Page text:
“Where can I break a $100?” You’ve come to the right article. The easiest way to break a $100 bill or other large bills is to visit your bank or credit union — even if you don’t have an account. Alternately, some grocery stores and Target locations will exchange a $100 bill for you at the customer service desk. Other locations may require you to make a purchase. For more ideas on where to break or exchange a $100 bill, see below.
Where to Break or Exchange a $100 Bill
When it comes to breaking or exchanging large bills, there are a few options. The most efficient place to break a large bill is at a bank or credit union. But we also spoke with customer service representatives at various stores to provide the following list of places to break or exchange a large bill like a $100.
Note: Look out for signs that read “Bills no larger than $50” or some other variant to make sure you don’t waste your own time.
1. Banks or Credit Unions
Your bank or credit union will be able to change your $100 bill without a problem. Some locations may require you to show your ID or provide your account number. If you don’t have a bank or credit union account, you can still stop at a local bank or credit union and ask if it would be willing to exchange a large bill.
2. Grocery Stores
Most grocery stores will exchange a $100 bill at the customer service desk, if they have the cash available. A store manager may direct you to a specific cashier lane, if necessary. Sometimes, you can get change for a large bill after making a purchase at checkout or even self-checkout. Keep in mind that the register may not have enough change to break a $100 bill and you may have to wait for a store manager to assist you. In this case, it would be easier to start at the customer service desk.
You can use a $100 bill to make a purchase at a Walmart store and receive change from a cashier or self-checkout machine, a customer service representative said. However, Walmart stores will not exchange large bills, like $100 bills, at the customer service desk, the representative said.
You can ask to exchange a $100 bill for smaller bills at Target, a customer service representative said. Bring the large bill to the customer service desk and simply request smaller bills. You can also use a $100 bill to make a purchase and get change back. Most Target self-checkout machines accept $100 bills, the representative said. To confirm, contact your nearest Target.
5. Restaurants and Bars
Restaurants and bars can usually change a $100 bill if you use it to pay for food and/or drinks. Sometimes, a restaurant or bar may be willing to simply exchange the bill for smaller bills for you, especially if it’s after a particularly busy period (Think: post-lunch rush or following happy hour).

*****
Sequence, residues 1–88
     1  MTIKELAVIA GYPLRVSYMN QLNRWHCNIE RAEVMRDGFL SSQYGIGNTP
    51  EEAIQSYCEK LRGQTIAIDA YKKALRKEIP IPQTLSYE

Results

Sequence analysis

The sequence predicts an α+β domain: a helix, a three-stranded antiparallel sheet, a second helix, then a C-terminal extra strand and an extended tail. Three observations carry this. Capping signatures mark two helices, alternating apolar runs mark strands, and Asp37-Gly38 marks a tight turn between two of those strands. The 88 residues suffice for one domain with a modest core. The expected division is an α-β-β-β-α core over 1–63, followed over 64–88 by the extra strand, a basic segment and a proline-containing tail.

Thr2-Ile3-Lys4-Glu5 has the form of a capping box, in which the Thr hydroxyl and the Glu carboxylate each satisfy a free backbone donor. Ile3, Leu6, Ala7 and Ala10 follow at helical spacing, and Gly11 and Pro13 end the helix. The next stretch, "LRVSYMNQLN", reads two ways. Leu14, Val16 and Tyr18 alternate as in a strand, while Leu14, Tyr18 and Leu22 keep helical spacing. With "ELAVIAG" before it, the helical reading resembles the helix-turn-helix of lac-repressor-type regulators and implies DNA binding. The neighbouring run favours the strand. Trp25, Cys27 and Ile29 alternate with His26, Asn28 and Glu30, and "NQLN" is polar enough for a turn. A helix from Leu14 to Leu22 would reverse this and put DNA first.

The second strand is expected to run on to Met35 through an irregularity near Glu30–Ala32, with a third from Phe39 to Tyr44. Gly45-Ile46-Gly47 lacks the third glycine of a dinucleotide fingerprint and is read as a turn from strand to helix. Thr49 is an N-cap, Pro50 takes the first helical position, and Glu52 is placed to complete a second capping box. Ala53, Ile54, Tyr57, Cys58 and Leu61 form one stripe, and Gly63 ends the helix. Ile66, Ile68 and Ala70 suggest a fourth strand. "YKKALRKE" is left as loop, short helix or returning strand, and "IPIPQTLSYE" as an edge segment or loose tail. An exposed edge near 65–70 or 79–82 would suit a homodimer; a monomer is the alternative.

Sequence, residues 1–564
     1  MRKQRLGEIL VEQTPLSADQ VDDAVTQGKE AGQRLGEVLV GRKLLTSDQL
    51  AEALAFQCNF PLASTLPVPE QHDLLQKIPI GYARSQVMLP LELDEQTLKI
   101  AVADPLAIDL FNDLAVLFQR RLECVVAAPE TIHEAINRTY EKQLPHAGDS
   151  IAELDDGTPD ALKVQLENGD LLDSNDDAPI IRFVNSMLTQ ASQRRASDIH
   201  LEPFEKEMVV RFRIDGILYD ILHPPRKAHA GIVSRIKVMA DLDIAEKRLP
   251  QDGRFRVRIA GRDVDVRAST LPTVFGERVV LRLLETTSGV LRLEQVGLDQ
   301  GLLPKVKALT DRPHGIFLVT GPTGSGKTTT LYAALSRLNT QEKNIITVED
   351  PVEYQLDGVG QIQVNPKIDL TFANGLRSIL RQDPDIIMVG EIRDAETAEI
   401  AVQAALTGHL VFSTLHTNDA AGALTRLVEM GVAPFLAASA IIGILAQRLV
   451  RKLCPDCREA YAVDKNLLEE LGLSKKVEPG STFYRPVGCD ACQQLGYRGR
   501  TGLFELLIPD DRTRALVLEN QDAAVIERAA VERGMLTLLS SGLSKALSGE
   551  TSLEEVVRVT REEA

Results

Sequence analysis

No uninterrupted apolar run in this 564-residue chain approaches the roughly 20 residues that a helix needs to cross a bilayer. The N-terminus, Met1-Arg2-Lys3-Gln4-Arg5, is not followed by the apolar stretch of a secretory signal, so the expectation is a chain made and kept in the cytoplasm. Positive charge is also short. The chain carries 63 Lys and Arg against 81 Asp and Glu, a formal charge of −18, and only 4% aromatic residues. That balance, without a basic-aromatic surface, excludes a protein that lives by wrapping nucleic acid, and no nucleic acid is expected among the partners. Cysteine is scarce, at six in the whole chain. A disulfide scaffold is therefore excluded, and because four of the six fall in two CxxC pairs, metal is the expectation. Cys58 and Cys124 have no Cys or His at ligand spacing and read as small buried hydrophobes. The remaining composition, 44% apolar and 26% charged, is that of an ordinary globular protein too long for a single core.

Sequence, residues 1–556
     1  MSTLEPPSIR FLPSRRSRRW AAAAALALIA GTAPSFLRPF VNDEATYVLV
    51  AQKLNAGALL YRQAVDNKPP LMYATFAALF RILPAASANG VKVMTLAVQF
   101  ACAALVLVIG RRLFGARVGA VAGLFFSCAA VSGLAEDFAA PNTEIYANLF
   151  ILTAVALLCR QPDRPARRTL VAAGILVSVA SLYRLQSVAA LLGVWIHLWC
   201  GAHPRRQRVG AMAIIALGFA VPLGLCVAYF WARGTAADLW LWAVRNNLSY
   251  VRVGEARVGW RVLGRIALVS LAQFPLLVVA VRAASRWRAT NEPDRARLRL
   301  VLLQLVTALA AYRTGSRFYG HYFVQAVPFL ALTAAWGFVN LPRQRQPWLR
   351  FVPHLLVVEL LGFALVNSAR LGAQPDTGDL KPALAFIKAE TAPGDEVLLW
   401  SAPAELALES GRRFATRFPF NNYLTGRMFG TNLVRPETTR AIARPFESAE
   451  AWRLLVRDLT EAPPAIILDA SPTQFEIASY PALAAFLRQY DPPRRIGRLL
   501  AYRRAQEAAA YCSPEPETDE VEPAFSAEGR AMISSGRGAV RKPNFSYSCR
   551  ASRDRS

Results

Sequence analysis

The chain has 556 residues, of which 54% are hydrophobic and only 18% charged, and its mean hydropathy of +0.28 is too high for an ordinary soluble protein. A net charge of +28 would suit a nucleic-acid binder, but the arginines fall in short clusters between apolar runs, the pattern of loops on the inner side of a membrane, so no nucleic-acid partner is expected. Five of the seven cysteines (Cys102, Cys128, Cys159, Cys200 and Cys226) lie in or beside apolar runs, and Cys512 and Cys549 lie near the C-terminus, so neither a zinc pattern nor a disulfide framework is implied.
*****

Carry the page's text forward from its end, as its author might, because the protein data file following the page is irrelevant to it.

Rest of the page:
6. Cash-Only Businesses
Cash-only businesses like smaller restaurants and laundromats may be willing to break a large bill, as they often have a variety of small and large bills on hand. Just be on the lookout for any posted signs that specify it does not make change or break large bills.
7. Spas and Salons
Spas, nail salons, and hair salons often have cash on hand and can exchange large bills for customers, especially if you’re looking to leave a cash tip. You may also be able to ask an employee for change; he or she likely has a lot of smaller bills from tips received throughout the day.
8. Tattoo and Piercing Shops
Some tattoo and piercing shops are cash only, and many of the employees receive cash tips throughout the day. You may be able to ask the receptionist or an employee to exchange a large bill.
If you are at least 21, you should be able to break a $100 bill at a casino. Casinos often have bill breaker machines on the floor. But a bill breaker machine likely won’t let you choose the type of bills you’ll get back. Alternately, you can visit the cashier’s cage to request change. The cashier may ask to see your ID.
Now you know where to break a $100 or exchange one. You can most easily exchange a $100 bill at a bank or credit union. Other places to try include: cash-only businesses, casinos, grocery stores, restaurants or bars, spas or salons, Target stores, tattoo or piercing shops, and Walmart stores. Some of these locations will require you to make a purchase. Look out for any posted signs reading “Bills no larger than $50” or signs that specify the business does not make change or break large bills.